21. This guy seems very misinformed to have written a book arguing against a vital part of the countries founding.

  22. In terms of say the neonazi marches or straight pride that was held can we separate freedom of speech from freedom of hate?
    Another challenge is the overgeneralizing people do in assuming because one person defends or argues against X-topic, that makes them believe the exact opposite.
    I also agree when they said if people didn't pay attention to the neonazis it would hurt their cause more, but that isn't realistic to expect or hope that people will ignore.

  23. David doesn't get the right to bitch when his speech gets censored anymore since he wants to put double standards in place for his political opponents like the fucking weasel he is. Shame.

  24. It is amazing that David adopted the Dave Rubin approach with interviews: agree with everything (including the framing) and offer no counter arguments.

  25. I genuinely wonder how different these comments would be if this was a radio vs video broadcast. After reading alot of the comments, it seems that alot of people are biased against this guy from the come out purely on his appearance.

  26. This guy is a fucking imbecile. He defends taking away other peoples freedom of speech by using his own freedom of speech.
    "There are a couple of things I would say to refute that…"
    Heads up dummy if it can be taken away from them, it can be taken away from you as well.

  27. I’ve only been watching for a short time but I’m honestly disappointed with how this interview turned out. For someone to say punching nazis is ok since it expresses disapproval with the government and not be challenged by a liberal on it is really problematic. You gave good pushback with Dave Rubin and Sam Harris, please don’t hold this person to a different standard. I won’t unsubscribe, but if you have PE back (which I encourage), please give the same pushback you would to others.

  28. This androgynous snowflake wants to curb free speech. He represents a disturbing puritanical and authoritarian trend that's growing on the Left.

  29. If Twitter is to be considered a private corporation for free speech purposes, then why are public officials barred from blocking people for free speech reasons?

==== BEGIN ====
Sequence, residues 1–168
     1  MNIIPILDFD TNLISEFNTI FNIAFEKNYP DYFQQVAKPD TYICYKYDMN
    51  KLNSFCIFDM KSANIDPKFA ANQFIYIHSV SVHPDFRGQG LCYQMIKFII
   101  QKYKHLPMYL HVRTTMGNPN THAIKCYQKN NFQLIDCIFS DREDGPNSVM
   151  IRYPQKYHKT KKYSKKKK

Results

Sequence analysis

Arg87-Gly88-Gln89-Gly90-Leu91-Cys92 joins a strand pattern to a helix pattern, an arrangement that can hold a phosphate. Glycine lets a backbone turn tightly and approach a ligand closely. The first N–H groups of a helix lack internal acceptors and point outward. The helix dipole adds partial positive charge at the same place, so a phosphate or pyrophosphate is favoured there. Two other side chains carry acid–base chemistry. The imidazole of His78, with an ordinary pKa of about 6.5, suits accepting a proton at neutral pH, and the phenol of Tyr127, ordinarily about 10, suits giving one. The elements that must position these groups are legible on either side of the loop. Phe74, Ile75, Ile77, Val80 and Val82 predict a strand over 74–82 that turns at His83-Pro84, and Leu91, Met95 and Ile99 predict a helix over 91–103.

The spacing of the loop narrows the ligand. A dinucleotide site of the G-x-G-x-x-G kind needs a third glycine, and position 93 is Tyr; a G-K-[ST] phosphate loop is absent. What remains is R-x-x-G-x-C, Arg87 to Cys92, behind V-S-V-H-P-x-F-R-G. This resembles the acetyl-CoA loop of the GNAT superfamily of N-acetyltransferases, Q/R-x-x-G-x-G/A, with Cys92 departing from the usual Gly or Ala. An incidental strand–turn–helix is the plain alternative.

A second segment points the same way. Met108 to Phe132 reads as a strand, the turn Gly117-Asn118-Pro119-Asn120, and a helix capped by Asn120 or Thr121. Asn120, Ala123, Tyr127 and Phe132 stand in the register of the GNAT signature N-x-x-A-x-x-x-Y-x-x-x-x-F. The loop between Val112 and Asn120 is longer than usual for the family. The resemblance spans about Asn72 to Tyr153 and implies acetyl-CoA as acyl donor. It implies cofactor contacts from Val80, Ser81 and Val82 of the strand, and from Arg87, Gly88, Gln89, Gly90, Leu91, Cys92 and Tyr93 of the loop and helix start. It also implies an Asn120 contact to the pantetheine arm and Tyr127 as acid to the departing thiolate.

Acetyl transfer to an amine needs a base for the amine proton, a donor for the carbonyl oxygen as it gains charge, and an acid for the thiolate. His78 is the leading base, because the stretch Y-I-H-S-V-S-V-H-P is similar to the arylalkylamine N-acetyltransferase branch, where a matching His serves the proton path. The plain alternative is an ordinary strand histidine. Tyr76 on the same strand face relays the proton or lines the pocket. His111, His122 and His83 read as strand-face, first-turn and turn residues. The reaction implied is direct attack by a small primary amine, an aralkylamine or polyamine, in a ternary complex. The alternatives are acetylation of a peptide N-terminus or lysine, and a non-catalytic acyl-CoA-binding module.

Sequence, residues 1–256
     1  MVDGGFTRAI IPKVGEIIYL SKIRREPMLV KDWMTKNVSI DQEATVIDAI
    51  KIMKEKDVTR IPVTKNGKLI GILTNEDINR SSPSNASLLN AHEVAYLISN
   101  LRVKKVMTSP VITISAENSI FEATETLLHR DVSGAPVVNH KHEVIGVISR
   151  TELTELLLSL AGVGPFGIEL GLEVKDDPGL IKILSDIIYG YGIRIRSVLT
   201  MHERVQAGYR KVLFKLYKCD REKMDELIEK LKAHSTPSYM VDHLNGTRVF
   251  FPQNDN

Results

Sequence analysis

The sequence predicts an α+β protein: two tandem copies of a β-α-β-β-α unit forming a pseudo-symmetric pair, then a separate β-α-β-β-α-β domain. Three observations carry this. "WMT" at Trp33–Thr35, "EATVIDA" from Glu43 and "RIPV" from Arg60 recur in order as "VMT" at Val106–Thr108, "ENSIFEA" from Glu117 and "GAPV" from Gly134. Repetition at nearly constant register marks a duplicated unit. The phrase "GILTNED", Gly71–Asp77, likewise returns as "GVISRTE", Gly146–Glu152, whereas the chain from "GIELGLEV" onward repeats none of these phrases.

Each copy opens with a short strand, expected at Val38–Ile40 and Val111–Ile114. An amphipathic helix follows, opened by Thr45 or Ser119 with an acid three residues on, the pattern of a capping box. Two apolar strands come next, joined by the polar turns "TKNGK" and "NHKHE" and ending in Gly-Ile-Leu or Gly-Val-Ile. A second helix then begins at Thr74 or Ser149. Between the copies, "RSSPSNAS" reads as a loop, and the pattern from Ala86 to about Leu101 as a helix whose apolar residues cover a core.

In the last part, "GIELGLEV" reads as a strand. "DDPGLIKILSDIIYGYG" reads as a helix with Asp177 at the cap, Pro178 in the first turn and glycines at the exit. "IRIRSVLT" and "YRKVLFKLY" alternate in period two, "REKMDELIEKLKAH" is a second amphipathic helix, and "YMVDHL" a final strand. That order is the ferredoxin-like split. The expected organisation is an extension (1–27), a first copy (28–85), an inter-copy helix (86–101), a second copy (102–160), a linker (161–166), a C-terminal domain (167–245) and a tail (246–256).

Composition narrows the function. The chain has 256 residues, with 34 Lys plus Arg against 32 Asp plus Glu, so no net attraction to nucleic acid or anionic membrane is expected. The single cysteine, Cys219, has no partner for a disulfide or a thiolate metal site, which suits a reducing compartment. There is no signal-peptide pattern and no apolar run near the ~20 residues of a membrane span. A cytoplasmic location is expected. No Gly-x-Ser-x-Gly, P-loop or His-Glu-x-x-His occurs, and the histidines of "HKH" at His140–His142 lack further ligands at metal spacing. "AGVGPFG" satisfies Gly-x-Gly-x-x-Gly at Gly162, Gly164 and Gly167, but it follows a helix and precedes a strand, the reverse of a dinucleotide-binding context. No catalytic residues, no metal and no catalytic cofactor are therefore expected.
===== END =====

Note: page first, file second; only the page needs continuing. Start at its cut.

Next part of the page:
30. This balding twat waffle completely ignores the principle, the spirit of, free speech in favor of a literalist, limited conception of it. What a butt fucking, putrid fecal mass of an excuse for a human being.

  31. in some cases it makes sense to value the idea of freedom of speech beyond the first amendment and those are 1. employers forbidding the expression of political ideas wile not working (like an employer firing employees of the opposite party or that support workers rights) 2. huge platforms like YouTube censoring (or demonetize when advertisers want to advertise) political ideas instead of being public utilities as they are the modern public square and it is like the power company not selling power to people with some political views . but free speech works both ways so if someone is saying something offensive you should criticize them like white supremacists, as in some respect the left has allowed those deplorables to say there ideas without substance criticism the left sometimes criticizes there right to say those things and so the right wingers can aper to win the debate only by wining the free speach debate and no the substance. so the best thing to do as a leftist is to allow them to speak and then criticize there stupid ideas wile making it clear you agree they have the right to speak, in that way the loose the substance debate and don't win the free speech debate

  32. Your content is become increasingly sensational, biased, omitting, angry and out of touch with normal people.

    Your fans are rabidly smug and regularly believe that disagreement is a moral issue.

    David, you are feeding the divide in our country in the worst way imaginable. Please stop inciting radical stupidity through half-baked points, one-sided stories and semantic games. Some people actually want discourse, and you’re well aware of what you’re doing – it’s pathetic.

    Notice how you have 750k+ subscribers and if you’re lucky 1% of them watch your new videos? It should tell you something when most of your viewers are making fun of you and your inability to make a coherent argument or salient point. It’s like watching a house fire.

  33. "…attempts to blur the line between violent actions and distasteful speech with false equivalencies" is a sentence he heard quite a lot when presenting his ideas like this i think.

  34. i cant imagine this is helping pakman in any way he might thought it would. if you cant dispose of an idea with a good argument i guess you can only prohibit it. education is the solution not prohibiting ideas

  35. I’m not sure why you have this guy on? Who is making the argument that freedom of speech includes entering private property or disruption of business on their grounds? It’s like having on a person to argue against raping children..

  36. Students at Middlebury didn’t just protest Charles Murray. They assaulted him & Alison Stanger. Stanger was hospitalized.